The Holy Prophet (S.A.W.) Was a Man Taught Only in the Divine School
The claim of Dr Sayyid `Abd al-Latif (who observes that the source of belief in an "unschooled" Prophet (SA) has been in the interpretation of the word "ummi"), is unfounded. This is because, firstly, the history of the Arabs and the Makkah at the advent of Islam, is decisive evidence of the fact that the Prophet (SA) was untaught. Earlier, we have explained that the status of reading and writing in Hijaz at the advent of Islam, was such that the names of all the people familiar with reading and writing were recorded in the history, but no one had listed the Prophet (SA) among such people. Assuming that there was no reference to the question, nor any explanation thereof, Muslims following the unquestionable verdict of history, would have to accept that their Prophet (SA) was untaught.
Secondly, in the Holy Qur'an, there is another verse which is not less explicit than the verses of Surat "al Ar'af containing the word "ummi". On the concept of "ummi" used in the verses of "Surat Al-A'raf", the opinion is divided among the Islamic interpreters of the Qur'an; but on the concept of the following verse which indicates unschooled or untaught Prophet (SA), there is no difference of opinion:
"And you did not read before it any book, nor did you write one with your right hand, for then those, who say untrue things, could have doubted (29:48)."
This verse makes it explicit that the Prophet (SA) neither read nor wrote before his prophethood. Islamic exegetes have generally given a similar interpretation of the verse. But Dr `Abd al-Latif claims that, the very verse has been misinterpreted. He claims that the word "kitab" used in this verse, has a reference to such sacred books as the Tawrat (Old Testament) and the Injil (Bible). He claims that the verse suggests that until the revelation of the Holy Qur'an, the Prophet (SA) was unfamiliar with any sacred book, for such books were not available in Arabic, and if the Prophet (SA) had read the books available then in a language other than Arabic, he would have been suspected and accused by the idle talkers.
This claim is not true. Contrary to its meaning nowadays widely used in Persian, the word "kitab" in Arabic language has been defined purely as "writing", be it a letter or a book, sacred or otherwise, or be it holy or otherwise. This word has been used in the Holy Qur'an repeatedly.
Occasionally, this word "kitab" has been used (in the Holy Qur'an) to signify a letter sent by one person to another, such as the one concerning the "Queen of Saba": "O Noble Men! I have received a revered letter from Sulayman (Solomon) "; and occasionally it is used in connection with an agreement concluded as a document between the two parties: "Slaves who wish to be freed as per an agreement, accede to their requests to conclude such contracts". At times the term has been used in connection with occult tablets and heavenly truths which tell scientific facts about the world events: "There is neither any thing green nor dry but (it is all) in a clear book ...(6:59)."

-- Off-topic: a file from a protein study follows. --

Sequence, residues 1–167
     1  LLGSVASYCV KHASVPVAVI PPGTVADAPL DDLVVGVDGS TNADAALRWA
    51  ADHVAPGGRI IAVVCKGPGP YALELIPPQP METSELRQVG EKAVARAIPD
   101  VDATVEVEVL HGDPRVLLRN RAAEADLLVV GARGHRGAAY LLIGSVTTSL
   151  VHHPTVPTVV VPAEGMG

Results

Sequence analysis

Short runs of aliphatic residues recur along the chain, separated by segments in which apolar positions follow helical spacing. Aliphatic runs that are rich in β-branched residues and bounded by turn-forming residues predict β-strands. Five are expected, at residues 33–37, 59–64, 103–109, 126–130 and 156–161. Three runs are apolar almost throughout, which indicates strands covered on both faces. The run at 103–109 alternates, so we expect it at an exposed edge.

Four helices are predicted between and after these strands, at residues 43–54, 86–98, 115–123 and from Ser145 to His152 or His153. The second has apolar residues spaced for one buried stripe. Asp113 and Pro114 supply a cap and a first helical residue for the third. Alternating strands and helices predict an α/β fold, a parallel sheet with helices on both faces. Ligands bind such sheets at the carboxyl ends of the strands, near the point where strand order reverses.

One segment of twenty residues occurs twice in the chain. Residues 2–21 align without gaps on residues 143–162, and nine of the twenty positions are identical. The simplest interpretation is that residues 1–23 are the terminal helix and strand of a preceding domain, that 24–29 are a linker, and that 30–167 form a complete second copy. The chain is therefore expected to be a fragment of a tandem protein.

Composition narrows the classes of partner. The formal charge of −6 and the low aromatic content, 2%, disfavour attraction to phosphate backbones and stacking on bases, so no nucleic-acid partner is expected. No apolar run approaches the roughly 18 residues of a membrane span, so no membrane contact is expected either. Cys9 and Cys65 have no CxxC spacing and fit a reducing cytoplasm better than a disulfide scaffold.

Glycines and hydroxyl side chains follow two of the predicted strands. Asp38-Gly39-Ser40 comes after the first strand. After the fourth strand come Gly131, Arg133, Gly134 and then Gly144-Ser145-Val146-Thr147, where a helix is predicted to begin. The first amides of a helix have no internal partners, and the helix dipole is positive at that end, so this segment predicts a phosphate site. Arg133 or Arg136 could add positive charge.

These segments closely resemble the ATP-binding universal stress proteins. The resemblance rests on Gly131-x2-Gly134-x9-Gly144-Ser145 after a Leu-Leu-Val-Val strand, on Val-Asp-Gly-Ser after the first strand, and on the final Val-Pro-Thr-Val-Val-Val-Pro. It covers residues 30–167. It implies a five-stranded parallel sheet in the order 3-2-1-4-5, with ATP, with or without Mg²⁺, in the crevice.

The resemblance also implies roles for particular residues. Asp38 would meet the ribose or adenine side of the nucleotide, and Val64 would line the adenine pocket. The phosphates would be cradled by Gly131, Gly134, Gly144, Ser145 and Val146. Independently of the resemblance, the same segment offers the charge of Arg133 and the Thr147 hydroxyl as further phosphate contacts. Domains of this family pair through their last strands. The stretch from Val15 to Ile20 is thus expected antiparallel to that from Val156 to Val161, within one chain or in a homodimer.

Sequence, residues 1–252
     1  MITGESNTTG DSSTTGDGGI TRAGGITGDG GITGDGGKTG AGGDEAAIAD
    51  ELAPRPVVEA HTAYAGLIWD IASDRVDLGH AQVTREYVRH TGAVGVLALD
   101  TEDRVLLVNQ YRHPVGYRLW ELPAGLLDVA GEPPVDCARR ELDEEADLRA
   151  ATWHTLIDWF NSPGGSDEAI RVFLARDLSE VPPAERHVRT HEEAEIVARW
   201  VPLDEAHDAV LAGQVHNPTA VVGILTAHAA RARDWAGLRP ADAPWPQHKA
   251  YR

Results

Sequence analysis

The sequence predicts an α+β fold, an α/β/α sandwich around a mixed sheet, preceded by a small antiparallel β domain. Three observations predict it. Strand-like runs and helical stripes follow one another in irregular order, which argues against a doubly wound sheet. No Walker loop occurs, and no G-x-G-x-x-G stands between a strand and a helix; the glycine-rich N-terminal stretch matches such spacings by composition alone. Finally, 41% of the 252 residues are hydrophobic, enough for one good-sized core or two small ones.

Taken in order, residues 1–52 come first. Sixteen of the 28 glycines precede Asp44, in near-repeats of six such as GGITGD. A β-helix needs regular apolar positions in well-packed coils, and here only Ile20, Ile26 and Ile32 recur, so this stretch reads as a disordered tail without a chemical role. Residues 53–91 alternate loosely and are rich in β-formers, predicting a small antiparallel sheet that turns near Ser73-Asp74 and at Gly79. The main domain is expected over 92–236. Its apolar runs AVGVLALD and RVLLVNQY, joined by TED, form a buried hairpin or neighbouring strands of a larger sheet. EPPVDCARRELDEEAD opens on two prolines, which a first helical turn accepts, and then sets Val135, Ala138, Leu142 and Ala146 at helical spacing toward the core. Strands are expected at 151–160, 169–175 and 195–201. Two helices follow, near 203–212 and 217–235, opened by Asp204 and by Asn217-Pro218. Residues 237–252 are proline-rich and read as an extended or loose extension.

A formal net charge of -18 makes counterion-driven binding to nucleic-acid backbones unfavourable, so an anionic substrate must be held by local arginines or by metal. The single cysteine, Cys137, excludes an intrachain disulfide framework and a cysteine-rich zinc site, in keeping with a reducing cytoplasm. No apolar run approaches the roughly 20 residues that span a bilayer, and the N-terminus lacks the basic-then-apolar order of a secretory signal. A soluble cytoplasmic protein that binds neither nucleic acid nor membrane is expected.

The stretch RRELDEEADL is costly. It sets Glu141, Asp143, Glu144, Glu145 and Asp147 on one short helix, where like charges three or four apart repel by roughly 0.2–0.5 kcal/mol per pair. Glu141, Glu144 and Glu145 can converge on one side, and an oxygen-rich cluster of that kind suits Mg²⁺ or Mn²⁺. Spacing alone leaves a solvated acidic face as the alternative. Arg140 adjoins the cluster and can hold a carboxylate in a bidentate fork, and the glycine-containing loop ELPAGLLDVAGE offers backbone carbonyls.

In the Holy Qur'an, only at places where the word "ahl" has been added to form "ahl al-kitab", a particular concept is meant.
"Ahl al-Kitab" signifies "the followers of a heavenly book." In the Surat al-Nisa' of the Holy Qur'an, verse 152 reads: "The followers of the heavenly book shall ask you to send unto them a letter from the heavens. " In this verse, the term has been employed at two places: at one place, in conjunction with the term "ahl" and at another place, it is used alone. Wherever the term "ahl" has been prefixed, it is meant "heavenly book" and wherever it is used alone it is meant "letter".
In addition, the construction of the sentence: "You did not write with your right hand" suggests: "You did neither read nor write and if you knew how to read and write, you would have been accused of copying from some other source; but since you did not know how to read or write, there was no room for such an accusation".
However, if the purport is that "You did not read the holy books since they were available in other languages", then, the verse would be under-stood as:. "earlier you neither read nor wrote in other languages", which is not right, for only reading the books in those languages would have well justified the accusation, and also it would not have been necessary for him to have been able to write in those languages. If he had been able to write in those languages it would have justified the accusation, even though he should have written in his own language. Admittedly, here, there is a point which may confirm Dr `Abd al-Latif's view, even though neither he himself nor any one of the exegetists has given attention to this point.